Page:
Once upon a time, a famous library advocate (if memory serves me correctly, it was Benjamin Franklin) was quoted as saying "You can judge a community by its libraries" or something to that effect. Author Mark Twain made similar comments. Their observations are as relevant today as they were when they made them centuries ago. So, if this is the case, then the United States in general and the State of TX in particular are guilty of gross negligence! In a time when reading and technology skills are critical, TX has seen fit to put all libraries and their staffs on the chopping block. Shame on you!
Here are just a few examples of what has come to pass and what is looming in the near future for TX libraries. The proposed state budget calls for eliminating Loan Star Libraries (direct aid grants to public libraries), all state funding for TexShare databases, the K-12 Database program, and more. Last school year, the Plano ISD eliminated all library assistants (while keeping the 10+ football coaches at each of the high schools). The Austin Independent School District (Austin is home to the University of TX, by the way) is planning to eliminate all middle and high school libraries/librarians in the upcoming school year. Here is an excellent article from an Austin ISD Middle School librarian outlining their plight - Stevenson: Why librarians are essential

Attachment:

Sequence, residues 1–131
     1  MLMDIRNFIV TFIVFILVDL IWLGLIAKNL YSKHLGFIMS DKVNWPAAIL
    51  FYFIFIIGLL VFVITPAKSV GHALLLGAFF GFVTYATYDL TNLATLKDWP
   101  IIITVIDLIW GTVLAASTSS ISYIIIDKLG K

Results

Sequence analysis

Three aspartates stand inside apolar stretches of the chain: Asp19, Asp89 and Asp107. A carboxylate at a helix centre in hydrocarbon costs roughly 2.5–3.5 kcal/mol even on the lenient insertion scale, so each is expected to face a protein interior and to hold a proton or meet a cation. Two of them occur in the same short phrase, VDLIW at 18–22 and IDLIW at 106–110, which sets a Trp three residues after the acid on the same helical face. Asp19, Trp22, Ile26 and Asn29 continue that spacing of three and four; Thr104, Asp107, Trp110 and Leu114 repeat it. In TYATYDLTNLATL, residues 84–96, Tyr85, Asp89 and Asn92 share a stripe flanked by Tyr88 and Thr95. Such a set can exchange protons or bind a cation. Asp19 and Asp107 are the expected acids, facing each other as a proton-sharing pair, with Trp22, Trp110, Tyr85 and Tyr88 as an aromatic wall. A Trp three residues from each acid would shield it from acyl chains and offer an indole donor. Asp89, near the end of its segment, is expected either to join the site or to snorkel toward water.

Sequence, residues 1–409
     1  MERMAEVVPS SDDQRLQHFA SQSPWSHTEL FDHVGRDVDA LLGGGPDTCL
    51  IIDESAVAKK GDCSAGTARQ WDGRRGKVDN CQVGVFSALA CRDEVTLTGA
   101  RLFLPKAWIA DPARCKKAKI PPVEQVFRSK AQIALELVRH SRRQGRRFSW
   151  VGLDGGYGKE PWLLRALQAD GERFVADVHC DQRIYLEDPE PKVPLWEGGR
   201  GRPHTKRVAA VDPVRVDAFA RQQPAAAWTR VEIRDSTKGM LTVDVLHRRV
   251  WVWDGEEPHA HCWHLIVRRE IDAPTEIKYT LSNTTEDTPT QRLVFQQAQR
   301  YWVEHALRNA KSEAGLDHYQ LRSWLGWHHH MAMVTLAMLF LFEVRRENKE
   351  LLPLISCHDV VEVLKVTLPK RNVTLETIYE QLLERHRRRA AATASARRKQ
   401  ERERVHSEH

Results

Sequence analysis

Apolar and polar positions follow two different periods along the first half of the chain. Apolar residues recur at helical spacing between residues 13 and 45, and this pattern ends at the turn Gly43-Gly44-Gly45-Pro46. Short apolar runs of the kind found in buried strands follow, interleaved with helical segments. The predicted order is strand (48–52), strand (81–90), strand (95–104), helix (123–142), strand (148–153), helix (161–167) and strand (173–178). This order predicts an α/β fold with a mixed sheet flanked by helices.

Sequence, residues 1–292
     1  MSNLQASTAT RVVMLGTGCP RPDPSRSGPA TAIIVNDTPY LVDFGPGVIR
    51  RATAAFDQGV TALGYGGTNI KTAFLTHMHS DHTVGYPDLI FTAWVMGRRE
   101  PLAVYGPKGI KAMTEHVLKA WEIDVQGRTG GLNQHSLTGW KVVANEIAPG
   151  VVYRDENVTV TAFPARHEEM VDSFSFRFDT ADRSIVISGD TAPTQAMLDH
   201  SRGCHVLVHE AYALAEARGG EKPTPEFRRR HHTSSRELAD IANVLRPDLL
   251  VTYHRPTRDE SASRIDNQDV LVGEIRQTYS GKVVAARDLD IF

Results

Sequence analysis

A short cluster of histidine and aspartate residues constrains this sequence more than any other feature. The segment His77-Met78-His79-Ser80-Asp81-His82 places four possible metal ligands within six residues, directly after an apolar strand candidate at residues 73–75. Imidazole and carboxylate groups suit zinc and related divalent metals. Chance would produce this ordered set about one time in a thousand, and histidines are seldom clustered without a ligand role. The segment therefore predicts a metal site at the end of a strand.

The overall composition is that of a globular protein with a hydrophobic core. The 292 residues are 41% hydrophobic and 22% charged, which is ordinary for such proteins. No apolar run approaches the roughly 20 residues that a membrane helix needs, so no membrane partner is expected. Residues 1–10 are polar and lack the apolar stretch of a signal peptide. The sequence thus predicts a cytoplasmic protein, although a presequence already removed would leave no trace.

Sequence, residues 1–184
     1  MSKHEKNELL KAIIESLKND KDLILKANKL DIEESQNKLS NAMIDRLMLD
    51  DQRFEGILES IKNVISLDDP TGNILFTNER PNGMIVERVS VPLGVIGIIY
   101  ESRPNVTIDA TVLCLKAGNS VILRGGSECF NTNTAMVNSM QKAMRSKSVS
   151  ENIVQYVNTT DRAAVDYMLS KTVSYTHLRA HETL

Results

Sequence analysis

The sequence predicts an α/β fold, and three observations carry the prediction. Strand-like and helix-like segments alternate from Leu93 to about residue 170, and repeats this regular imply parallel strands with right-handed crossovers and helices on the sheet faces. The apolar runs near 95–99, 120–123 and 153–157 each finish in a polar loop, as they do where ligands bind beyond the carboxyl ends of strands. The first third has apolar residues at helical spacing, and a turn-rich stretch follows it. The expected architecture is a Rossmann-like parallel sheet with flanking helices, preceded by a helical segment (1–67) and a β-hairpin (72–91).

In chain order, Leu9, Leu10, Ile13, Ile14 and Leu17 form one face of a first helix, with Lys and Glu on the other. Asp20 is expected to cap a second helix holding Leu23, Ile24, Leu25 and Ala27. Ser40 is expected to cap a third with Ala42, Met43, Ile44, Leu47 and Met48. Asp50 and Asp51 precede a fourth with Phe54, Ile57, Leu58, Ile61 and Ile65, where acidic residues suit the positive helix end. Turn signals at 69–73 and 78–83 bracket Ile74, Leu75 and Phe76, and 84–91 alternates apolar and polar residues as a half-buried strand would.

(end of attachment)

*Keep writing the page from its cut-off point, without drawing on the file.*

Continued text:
Although there are some state legislators who advocate for libraries, their numbers are few. One who will be voting to retain the current library funding is Rep. Rafael Anchia. His full article in the Dallas Morning News is here - Rafael Anchia: How the local library helped shape my path to Austin - and here is a brief excerpt...
Yet in 2009, the last year for which figures are available, the state provided an average of only 24 cents per person in public library support. The national average was $3.35. Texas ranks a sad 48th in state funding for this precious resource. With proposed budget cuts decimating essential library programs, we are headed on a path that will greatly harm generations of future Texans.
I have worked in both school and public libraries in many regions of the US and have seen first-hand the slow hemorrhaging of critical funding to libraries; however, TX is at the top of the list in its lack of support. Texans are proud for being "bigger" at everything, but they should be ashamed to be the biggest destroyer of libraries. If we can, in fact, judge the Texas community by its libraries, then it will be found guilty for its ignorance and shortsightedness. Is this really the legacy our legislators want to leave?
If you care as much as I (and my fellow librarians) do, then please visit the TX Library Association website and voice your opposition to these proposed cuts. Our school and public libraries are one of the few bastions of democracy, especially as the divide between rich and poor widens. If we don't have fully-funded libraries and well-educated librarians on staff, the poorest among us will be denied equal access to information and technology essential for competing successfully in our global society. Please, vote "yes" for our libraries, vote "yes" for our kids' future! Click here - Texas Library Association - Save Library Programs. Thank you for your support!